Next completion was the entryway and office. I wanted to get that area done as quickly as possible so that Cathy had a legitimate place to work, instead of having to work at the kitchen table or on the futon. This area required painting, which I did in a pale Earth tone yellow and some simple wiring to bring power across the wall from the panel. I did it with PVC conduit and hardware flat mounted to the concrete wall. It also got the LED lighting I spoke of, wired on a switch and the vinyl soffit for the ceiling. 

Rack near the furnace
The entryway area, which in reality is the same space, got a custom built coat rack and shelf as well as a six foot long Closet Maid vinyl coated wire shoe rack, which is missing from the image. This freed up some much needed storage space. One thing that is sorely missing from the camp is storage space. There was literally none when we bought it. I've been working to add more and more where possible and we now have an actual albeit small closet in the upstairs bathroom where the original hot water heater, water pump and expansion tank were located. I'll talk more about that later though when I discuss the partial re-do of the upstairs bathroom that I also completed over the course of the summer.

The bathroom came out awesome. I can't express enough just how wonderful it is to have a full, working bathroom right next to the bedroom. Don't get me wrong, there were challenges. The shower needed to be raised up onto a platform in order to get the drain set. We had a p-trap installed in the floor when the concrete went in but still needed to raise it. Space was tight, which is 100% consistent with every part of this small home build. We are trying too make the most with the least, which is really challenging and actually really fun as well. 

The plumbing all runs through a small chase area behind the shower then feeds and drains the sink along the wall. We used PEX everywhere possible. I didn't do it, we had a professional do it, the same person who did the water heater and expansion tank. Our friend Tom who does incredibly good work at very, very reasonable prices and is unbelievably nice. Both he and his wife Sylvie and just genuinely great folks. While they were here I also had them plumb in the drops for a combo washer/dryer unit which we will be getting shortly.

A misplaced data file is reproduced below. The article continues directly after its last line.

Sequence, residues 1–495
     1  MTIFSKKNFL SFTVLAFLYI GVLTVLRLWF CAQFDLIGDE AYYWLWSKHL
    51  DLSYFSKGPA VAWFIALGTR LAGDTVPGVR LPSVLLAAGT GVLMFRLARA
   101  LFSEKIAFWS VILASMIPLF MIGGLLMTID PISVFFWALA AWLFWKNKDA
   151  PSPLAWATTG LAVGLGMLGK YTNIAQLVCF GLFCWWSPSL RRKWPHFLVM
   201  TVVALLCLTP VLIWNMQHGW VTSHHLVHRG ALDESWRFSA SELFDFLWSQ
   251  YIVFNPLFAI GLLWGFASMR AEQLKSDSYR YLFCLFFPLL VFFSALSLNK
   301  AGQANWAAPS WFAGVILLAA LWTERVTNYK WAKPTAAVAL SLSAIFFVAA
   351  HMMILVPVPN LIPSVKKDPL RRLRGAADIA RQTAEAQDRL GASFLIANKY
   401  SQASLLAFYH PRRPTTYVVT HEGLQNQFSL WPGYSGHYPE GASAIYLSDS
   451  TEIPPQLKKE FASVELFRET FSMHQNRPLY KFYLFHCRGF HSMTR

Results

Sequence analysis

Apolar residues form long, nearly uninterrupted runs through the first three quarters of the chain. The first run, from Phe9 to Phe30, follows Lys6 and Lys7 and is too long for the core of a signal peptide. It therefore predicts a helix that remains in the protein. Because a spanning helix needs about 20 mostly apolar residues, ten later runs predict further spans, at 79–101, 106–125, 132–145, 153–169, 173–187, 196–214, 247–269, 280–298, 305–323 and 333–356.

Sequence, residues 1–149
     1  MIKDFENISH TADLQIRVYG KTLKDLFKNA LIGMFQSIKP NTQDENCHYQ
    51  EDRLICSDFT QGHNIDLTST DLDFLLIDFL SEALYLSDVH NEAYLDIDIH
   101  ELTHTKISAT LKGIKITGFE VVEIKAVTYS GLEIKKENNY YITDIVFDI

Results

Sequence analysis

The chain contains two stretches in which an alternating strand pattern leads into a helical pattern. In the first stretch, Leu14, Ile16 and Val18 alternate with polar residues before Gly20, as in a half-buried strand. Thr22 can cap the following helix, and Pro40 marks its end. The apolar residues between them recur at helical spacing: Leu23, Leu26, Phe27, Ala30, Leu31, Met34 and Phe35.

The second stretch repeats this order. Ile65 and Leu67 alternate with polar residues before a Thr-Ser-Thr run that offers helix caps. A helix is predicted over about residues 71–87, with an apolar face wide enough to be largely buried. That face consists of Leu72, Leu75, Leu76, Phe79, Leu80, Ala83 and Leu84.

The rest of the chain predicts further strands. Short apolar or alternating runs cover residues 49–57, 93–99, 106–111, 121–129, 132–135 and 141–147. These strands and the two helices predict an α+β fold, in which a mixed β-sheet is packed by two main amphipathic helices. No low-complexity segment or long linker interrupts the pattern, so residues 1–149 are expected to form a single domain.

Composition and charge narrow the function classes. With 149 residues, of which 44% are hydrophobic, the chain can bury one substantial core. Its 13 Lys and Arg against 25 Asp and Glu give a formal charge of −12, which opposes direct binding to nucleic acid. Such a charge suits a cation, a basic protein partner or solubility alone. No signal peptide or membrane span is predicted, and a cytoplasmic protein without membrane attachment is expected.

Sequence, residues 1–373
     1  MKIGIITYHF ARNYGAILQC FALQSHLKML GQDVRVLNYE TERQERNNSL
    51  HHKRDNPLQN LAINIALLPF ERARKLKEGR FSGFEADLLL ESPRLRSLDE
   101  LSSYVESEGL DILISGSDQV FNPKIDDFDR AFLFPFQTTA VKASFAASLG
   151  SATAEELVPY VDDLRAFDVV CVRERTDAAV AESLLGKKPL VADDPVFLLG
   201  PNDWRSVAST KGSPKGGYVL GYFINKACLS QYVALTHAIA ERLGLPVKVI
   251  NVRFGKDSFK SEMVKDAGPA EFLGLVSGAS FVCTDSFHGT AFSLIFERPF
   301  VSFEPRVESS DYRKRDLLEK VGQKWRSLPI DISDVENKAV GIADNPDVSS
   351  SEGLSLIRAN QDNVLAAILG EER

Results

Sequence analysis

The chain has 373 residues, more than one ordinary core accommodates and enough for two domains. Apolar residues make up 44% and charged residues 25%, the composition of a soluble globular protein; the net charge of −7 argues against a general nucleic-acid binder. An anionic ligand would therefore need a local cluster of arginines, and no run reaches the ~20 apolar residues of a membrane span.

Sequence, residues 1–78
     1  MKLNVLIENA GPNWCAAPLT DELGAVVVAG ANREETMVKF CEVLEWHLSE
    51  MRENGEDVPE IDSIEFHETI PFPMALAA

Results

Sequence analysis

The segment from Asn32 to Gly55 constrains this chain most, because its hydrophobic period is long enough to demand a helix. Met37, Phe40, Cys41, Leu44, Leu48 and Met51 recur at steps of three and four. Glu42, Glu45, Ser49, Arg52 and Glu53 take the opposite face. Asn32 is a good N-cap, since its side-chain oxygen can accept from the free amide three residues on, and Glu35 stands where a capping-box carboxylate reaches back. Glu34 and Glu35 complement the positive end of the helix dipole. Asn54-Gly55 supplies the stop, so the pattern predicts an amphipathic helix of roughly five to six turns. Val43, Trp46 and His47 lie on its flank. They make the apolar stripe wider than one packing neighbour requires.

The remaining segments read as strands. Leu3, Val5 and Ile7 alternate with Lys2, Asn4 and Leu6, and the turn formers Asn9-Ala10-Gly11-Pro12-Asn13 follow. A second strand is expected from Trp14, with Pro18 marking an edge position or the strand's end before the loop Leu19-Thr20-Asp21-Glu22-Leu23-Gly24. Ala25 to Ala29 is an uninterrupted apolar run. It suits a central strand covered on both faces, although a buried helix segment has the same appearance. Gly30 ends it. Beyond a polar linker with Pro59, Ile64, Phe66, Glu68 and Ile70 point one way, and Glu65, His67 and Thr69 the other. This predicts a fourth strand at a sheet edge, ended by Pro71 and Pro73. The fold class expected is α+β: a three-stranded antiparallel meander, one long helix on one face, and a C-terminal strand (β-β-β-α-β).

We certainly had budget it mind when we were doing the build, same as always. We also looked at size given the constraints that we had. This place isn't big and we are trying to pack a literal ton of stuff into it. The footprint of the camp is 18x22 or 396 square feet. The initial camp would qualify as a tiny house, commonly referred to as <400 square feet. We doubled that and are now firmly in the small house framework. In all honesty, I think that we could scale that back. There is no way we needed two bathrooms but that is just the way the plan played out. In order to have lower level living we had to have a bath on each level. When we build the next one, possibly our permanent residence, we will do sleeping on the main level with one common bathroom. Who knows though, I keep flip flopping on ideas. I really like building small stuff though. Speaking of which, I took a few weeks off at the end of the summer and built a tiny post and beam bunkhouse. It was a ton of fun. I'll put a post together about that one soon.

Also redid the driveway with a few loads of gravel
The project has been incredible. Countless little projects that all, eventually, combine to form a bigger project, which itself is part of a yet bigger project. I struggle with the macro and really, need to focus on the micro. One day at a time, so to speak. I have an idea of what's on tap tomorrow or next week but am firmly planted in today; the here and now. The reality is simple though, we love this place and we love the spaces that we carve out. This is us, for good or bad. We designed it, we made it. And it is pretty awesome. Having an actual bedroom and a bathroom right next to it is a treat in and of itself. The colors, the textures, the materials. We chose them and their implementation. When we look up, or down, or around, we did that. I know, little things and one can certainly do with much less but the transformation from when we initially bought the camp, a one room place with no foundation. We basically bought it for the land, power, water and septic. 

In retrospect, we probably should have just built new from scratch but where is the fun in that? It's been a ton of work and a long, long process that still isn't complete, but I've learned so much. The next one is going to be ton's easier.